Eosinophil-derived cytokines in health and disease: unraveling novel mechanisms of selective secretion

Authors

  • R. C. N. Melo,

    1. Laboratory of Cellular Biology, Department of Biology, Federal University of Juiz de Fora (UFJF), Juiz de Fora, Minas Gerais, Brazil
    2. Division of Allergy and Inflammation, Department of Medicine, Beth Israel Deaconess Medical Center, Harvard Medical School, Boston, MA, USA
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  • L. Liu,

    1. Division of Allergy and Inflammation, Department of Medicine, Beth Israel Deaconess Medical Center, Harvard Medical School, Boston, MA, USA
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  • J. J. Xenakis,

    1. Division of Allergy and Inflammation, Department of Medicine, Beth Israel Deaconess Medical Center, Harvard Medical School, Boston, MA, USA
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  • L. A. Spencer

    Corresponding author
    1. Division of Allergy and Inflammation, Department of Medicine, Beth Israel Deaconess Medical Center, Harvard Medical School, Boston, MA, USA
    • Laboratory of Cellular Biology, Department of Biology, Federal University of Juiz de Fora (UFJF), Juiz de Fora, Minas Gerais, Brazil
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  • Edited by: Hans-Uwe Simon

Correspondence

Lisa A. Spencer, 330 Brookline Avenue, E/CLS Rm 935, Boston, MA 02215, USA.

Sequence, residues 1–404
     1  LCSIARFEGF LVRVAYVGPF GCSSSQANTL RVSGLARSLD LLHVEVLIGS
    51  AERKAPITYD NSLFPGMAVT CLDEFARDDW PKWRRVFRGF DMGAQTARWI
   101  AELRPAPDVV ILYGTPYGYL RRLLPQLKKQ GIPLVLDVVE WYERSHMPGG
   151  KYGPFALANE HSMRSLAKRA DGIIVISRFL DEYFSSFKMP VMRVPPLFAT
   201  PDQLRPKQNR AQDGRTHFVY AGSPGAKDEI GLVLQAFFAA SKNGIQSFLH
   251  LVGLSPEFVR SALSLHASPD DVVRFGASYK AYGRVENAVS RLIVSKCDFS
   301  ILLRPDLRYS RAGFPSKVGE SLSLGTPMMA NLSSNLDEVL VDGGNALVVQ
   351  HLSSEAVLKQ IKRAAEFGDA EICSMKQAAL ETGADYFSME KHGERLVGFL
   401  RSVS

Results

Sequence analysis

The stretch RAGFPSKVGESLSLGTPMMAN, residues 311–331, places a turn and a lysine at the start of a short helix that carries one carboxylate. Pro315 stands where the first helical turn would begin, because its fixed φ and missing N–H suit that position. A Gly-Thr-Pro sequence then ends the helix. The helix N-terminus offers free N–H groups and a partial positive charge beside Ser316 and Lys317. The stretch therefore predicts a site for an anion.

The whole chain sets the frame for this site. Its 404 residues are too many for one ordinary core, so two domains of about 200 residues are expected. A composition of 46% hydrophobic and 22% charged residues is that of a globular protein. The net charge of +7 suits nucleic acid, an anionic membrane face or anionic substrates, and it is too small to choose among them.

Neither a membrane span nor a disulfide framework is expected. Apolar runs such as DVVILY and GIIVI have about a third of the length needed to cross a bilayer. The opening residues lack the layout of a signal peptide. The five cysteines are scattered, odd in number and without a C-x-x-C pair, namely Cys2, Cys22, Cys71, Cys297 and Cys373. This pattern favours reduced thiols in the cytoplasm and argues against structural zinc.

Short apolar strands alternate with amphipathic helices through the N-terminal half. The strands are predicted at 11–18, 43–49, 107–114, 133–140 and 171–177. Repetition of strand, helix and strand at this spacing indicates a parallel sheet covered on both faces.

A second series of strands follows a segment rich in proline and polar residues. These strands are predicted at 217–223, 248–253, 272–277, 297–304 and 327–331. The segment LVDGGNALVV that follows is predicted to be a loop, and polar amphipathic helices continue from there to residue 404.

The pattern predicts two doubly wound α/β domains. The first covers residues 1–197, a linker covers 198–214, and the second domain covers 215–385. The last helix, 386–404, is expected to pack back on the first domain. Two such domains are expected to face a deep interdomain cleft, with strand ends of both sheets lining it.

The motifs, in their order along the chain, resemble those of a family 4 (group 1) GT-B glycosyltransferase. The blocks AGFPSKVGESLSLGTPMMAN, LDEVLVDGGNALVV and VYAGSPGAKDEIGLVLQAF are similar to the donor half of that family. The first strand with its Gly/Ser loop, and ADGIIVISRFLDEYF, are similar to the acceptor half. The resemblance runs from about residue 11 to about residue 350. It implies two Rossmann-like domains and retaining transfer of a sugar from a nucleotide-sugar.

Tel.: 617 735 4104

Fax: 617 735 4115

E-mail: lspencer@bidmc.harvard.edu

Abstract

Over the past two decades, our understanding of eosinophils has evolved from that of categorically destructive effector cells to include active participation in immune modulation, tissue repair processes, and normal organ development, in both health and disease. At the core of their newly appreciated functions is the capacity of eosinophils to synthesize, store within intracellular granules, and very rapidly secrete a highly diverse repertoire of cytokines. Mechanisms governing the selective secretion of preformed cytokines from eosinophils are attractive therapeutic targets and may well be more broadly applicable to other immune cells. Here, we discuss recent advances in deciphering pathways of cytokine secretion, both from intact eosinophils and from tissue-deposited cell-free eosinophil granules, extruded from eosinophils undergoing a lytic cell death.

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